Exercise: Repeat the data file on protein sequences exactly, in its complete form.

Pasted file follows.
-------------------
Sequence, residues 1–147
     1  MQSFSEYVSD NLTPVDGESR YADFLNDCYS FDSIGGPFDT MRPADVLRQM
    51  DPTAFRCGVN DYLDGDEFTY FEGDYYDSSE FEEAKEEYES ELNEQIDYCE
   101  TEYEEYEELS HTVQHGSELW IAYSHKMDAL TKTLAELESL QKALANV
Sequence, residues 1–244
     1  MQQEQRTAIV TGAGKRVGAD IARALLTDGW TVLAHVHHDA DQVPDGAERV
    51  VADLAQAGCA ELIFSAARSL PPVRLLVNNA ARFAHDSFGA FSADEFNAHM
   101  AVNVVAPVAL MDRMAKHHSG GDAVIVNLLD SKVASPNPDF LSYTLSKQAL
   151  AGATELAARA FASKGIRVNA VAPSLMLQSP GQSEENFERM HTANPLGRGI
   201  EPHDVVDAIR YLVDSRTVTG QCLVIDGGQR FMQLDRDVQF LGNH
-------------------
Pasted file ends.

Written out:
Sequence, residues 1–147
     1  MQSFSEYVSD NLTPVDGESR YADFLNDCYS FDSIGGPFDT MRPADVLRQM
    51  DPTAFRCGVN DYLDGDEFTY FEGDYYDSSE FEEAKEEYES ELNEQIDYCE
   101  TEYEEYEELS HTVQHGSELW IAYSHKMDAL TKTLAELESL QKALANV
Sequence, residues 1–244
     1  MQQEQRTAIV TGAGKRVGAD IARALLTDGW TVLAHVHHDA DQVPDGAERV
    51  VADLAQAGCA ELIFSAARSL PPVRLLVNNA ARFAHDSFGA FSADEFNAHM
   101  AVNVVAPVAL MDRMAKHHSG GDAVIVNLLD SKVASPNPDF LSYTLSKQAL
   151  AGATELAARA FASKGIRVNA VAPSLMLQSP GQSEENFERM HTANPLGRGI
   201  EPHDVVDAIR YLVDSRTVTG QCLVIDGGQR FMQLDRDVQF LGNH